Like Greenwich Village in New York City, Kreuzberg holds a special place in the heart of Berlin as a culture center. I clearly remember when I arrived there for the first time: it was early September so the street was filled with people enjoying beers outside of Spätkaufs, gutterpunks walking their dogs, and musicians playing guitars all surrounded by architecture blanketed with graffiti. Over the span of a few months I have spent most of my time in this district with studio visits on Oranienstrasse, meetings in bars on Skalitzer, concerts at Festsaal Kreuzberg and a residency off the Kottbusser Tor stop.
Today when I’m headed to galleries like BAPs favorite KWADRAT or a personal best-loved Exile I feel like I’m returning to my second home in Berlin. As I’ve continued to visit this district, I’ve become increasingly fascinated by the fruitful history of Kreuzberg, both as an integral piece of the greater Berlin puzzle as well as an art world melting pot. So sit back, sip on your Club Maté and bite into your Turkish Döner as I now tell you the story of X-Berg.
A Long, LONG Time Ago
Kreuzberg's roots trace back to the architect Karl Friedrich Schinkel who helped inaugurate its center, Victoria Park. The park, which has had notable Kreuzbergian alums like philosopher George Friedrich Hegel, was the home of a 66-meter high hill nicknamed Kreuzberg (literally Cross hill) after the Iron Cross. Throughout the 19th century, the area didn’t see much expansion until the industrialization era of the 1860s, which would change the face of Berlin forever. The real history of Kreuzberg as an artistic haven, however, starts much later.
Kreuzberg from the 19th century. Painting by Johann Heinrich Hintze, 1829
In the middle of the 20th century, while Germany was still picking itself up after two World Wars, an influx of both West German citizens and Turks flocked to the center of Berlin. There were two reasons why this occurred: for the Turks (who now occupy more than 30% of Kreuzberg’s population), the move was an opportunity to work and live in a cheap European neighborhood. For the West Germans, however, through a loophole in the law they could move to Berlin and be exempt from Germany’s mandatory military service. Naturally this attracted artists, punks, and musicians to this inexpensive neighborhood.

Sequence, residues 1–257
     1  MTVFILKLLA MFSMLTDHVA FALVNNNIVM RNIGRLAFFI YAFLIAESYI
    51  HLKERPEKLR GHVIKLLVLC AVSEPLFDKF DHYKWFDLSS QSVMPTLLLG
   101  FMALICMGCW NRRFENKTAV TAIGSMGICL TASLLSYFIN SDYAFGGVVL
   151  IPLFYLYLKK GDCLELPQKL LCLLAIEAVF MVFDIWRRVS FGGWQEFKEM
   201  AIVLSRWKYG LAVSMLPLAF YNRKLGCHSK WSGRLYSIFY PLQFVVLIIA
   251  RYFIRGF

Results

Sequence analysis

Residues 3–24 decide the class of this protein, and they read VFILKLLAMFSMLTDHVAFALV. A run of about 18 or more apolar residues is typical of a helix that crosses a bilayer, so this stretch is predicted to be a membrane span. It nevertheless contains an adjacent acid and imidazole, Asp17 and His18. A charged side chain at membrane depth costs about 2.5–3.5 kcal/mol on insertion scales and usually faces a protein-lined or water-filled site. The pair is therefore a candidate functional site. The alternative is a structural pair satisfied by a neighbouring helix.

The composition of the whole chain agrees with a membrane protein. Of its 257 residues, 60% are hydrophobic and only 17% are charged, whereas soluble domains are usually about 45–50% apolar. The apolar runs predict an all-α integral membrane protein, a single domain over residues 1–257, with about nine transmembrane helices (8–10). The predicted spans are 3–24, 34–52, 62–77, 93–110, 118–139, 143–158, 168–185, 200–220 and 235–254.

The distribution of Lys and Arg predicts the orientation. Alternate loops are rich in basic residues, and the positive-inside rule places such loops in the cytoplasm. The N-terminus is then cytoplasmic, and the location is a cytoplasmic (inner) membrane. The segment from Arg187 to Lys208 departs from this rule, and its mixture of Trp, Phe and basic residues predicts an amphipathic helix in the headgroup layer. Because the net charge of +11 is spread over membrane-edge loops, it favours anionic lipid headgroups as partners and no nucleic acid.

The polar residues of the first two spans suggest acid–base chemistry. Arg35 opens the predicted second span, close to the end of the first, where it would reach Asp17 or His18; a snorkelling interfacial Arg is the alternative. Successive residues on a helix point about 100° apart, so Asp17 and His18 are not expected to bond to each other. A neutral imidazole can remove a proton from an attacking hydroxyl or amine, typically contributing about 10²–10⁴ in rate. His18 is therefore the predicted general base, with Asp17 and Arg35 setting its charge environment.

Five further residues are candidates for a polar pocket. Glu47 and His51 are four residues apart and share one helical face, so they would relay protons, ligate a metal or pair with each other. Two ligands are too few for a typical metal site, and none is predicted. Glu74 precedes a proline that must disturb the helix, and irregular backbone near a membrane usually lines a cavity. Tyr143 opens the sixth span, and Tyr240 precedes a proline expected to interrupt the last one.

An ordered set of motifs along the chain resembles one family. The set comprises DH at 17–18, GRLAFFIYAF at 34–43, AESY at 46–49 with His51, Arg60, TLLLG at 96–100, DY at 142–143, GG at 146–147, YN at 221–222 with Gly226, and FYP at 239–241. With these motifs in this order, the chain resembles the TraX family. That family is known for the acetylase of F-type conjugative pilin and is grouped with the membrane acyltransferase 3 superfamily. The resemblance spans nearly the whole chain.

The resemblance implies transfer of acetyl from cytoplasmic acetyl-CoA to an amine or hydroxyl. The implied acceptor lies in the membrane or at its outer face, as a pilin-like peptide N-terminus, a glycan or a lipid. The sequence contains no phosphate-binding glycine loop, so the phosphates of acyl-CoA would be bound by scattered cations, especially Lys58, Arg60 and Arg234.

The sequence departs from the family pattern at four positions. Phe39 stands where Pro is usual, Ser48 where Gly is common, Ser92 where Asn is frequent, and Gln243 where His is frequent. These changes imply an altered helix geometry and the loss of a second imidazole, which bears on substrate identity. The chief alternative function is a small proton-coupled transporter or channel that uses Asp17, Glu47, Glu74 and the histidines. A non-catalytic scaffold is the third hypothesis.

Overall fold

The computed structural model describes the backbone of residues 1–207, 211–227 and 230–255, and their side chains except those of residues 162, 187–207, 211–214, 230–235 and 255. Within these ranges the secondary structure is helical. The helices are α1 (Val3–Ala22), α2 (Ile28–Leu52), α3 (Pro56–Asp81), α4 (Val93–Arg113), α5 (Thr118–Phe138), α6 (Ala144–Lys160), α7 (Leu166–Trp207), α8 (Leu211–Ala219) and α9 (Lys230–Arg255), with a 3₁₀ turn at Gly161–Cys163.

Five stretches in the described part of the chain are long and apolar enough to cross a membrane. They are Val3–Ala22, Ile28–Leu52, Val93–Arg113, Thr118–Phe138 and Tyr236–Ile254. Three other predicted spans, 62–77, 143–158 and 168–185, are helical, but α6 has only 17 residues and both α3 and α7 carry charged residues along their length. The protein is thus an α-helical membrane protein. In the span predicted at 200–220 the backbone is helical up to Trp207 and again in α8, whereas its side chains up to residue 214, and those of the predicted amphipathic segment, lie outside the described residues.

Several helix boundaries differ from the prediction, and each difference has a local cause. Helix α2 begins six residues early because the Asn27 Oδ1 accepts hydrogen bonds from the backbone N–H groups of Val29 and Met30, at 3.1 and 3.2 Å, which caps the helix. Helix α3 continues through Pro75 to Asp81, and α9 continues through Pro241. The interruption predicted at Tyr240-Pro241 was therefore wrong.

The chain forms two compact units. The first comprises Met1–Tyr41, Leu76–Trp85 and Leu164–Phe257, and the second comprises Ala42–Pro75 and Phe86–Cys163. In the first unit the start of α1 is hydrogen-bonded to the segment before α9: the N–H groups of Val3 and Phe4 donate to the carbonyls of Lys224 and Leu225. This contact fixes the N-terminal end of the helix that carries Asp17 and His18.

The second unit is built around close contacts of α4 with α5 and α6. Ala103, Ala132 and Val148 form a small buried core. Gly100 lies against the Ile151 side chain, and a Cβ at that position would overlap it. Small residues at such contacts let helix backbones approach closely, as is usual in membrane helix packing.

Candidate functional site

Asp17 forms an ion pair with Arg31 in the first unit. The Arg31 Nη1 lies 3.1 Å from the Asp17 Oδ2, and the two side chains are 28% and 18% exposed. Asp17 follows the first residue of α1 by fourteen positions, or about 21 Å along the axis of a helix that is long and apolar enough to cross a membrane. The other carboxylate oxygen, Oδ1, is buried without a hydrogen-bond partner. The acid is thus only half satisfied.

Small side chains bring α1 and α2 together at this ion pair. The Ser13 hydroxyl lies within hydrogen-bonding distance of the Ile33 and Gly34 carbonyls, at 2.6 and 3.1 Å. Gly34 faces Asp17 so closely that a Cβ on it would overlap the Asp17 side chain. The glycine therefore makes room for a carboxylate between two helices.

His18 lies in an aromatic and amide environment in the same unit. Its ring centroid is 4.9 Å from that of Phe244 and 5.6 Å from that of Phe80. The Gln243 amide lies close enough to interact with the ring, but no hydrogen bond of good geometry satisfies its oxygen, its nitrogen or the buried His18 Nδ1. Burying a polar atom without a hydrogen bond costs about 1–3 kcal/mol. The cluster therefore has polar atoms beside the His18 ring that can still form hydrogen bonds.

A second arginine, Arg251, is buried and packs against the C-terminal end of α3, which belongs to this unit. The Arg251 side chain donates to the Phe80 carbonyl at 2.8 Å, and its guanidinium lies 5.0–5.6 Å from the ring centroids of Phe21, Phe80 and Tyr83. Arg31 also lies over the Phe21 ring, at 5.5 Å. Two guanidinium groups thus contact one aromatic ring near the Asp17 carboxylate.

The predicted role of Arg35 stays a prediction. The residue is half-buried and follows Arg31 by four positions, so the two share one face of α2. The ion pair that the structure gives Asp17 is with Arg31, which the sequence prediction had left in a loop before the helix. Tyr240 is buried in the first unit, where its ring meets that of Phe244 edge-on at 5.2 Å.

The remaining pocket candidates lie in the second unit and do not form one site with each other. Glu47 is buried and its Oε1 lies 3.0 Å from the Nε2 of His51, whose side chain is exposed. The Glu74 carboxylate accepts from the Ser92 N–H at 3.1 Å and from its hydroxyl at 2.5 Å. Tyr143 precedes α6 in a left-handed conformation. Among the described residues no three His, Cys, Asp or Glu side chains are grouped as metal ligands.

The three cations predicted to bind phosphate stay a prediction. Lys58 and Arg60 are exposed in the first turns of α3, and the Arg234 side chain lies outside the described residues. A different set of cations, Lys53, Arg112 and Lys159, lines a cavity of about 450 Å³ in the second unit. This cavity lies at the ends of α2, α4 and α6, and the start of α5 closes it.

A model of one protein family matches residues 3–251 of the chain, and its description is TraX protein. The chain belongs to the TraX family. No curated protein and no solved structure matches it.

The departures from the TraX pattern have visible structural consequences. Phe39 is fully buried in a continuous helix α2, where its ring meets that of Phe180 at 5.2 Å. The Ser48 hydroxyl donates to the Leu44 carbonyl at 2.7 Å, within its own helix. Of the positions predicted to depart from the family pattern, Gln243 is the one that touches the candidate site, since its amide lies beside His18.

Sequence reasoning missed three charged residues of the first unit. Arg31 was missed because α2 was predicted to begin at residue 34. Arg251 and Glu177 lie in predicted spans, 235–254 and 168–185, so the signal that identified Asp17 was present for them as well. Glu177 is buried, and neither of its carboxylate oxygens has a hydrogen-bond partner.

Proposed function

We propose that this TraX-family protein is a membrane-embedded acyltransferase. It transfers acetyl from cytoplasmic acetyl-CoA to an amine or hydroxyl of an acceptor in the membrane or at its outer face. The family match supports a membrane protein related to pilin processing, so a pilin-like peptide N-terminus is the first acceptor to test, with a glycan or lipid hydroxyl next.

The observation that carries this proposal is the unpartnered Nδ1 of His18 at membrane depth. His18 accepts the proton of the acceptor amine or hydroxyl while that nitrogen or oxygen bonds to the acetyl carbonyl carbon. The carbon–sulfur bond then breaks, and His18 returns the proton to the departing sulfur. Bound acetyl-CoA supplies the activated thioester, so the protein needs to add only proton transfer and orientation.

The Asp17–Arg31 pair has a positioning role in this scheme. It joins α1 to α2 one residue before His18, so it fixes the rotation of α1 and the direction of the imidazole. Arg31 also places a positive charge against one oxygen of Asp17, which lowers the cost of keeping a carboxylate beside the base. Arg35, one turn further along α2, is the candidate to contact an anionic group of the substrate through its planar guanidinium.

Famous Alumni of X-Berg
Out of this group of counterculture youths were krautrock titans Zodiak Free Arts Lab who based their studios along the north bank of the Landwehr Canal in Kreuzberg. Performance artist Ulay also brought attention to this area when he stole a painting from the Neue Nationalgalerie and hung it in a Turkish immigrant’s home in Kreuzberg. Likewise Iggy Pop and David Bowie frequented music venue SO36 (briefly managed by artist/legend Martin Kippenberger) on Oranienstrasse when they lived in the city.
Almost perfect, but always beautiful: Kreuzberg. Photo: Chris Phillips
After the Berlin Wall fell, Kreuzberg found itself in the center of Berlin once again. Rent prices, however, remained low while growth naturally resumed. Bookstores, music clubs, cafés and art galleries opened up all over X-Berg throughout the 90’s. Institutions like the internationally renowned artist residency Künstlerhaus Bethanien attracted more artists to call Berlin home. Perhaps, however, one of the most important contemporary catalysts for Berlin’s status as an art capital has been its mayor Klaus Wowereit. Calling the city “poor but sexy” after he was elected into office, he has gained praise for improving funding for the arts in Berlin as well as making it easy for artists outside of Germany to get visas for practicing their art here.
A Contemporary Arts Utopia
Today the Galleries Association of Berlin lists over 440 galleries in the entire city. With multiple thousand artists from around the world showing in more than 57,000 square meters of exhibition space (the equivalent of 88 Central Parks!), Berlin is without a doubt a force to be reckoned with. The spark that lit the flame, however, is without question Kreuzberg. Despite the fact that blue chip galleries have opened their ivory spaces in posh neighborhoods like Mitte, their roots are buried in the streets of Kreuzberg. Galleries like Chert, MindPirates, The WYE and others have kept the motivating force behind this neighborhood alive. Although the ghost of Hegel and Schinkel still haunt the blocks of X-Berg, it’s the spirits of the of artistic youth that trailblazed central Berlin nearly 50 years ago that made this city the beacon for artists that it is today.
Shoes hang along Kotti's U1 stop. Photo: Marie Burrows
Article by James Shaeffer
Editor's note: This article originally appeared on Artparasites in January, 2013. You came for the history, now stay for the art –check out these other great stories: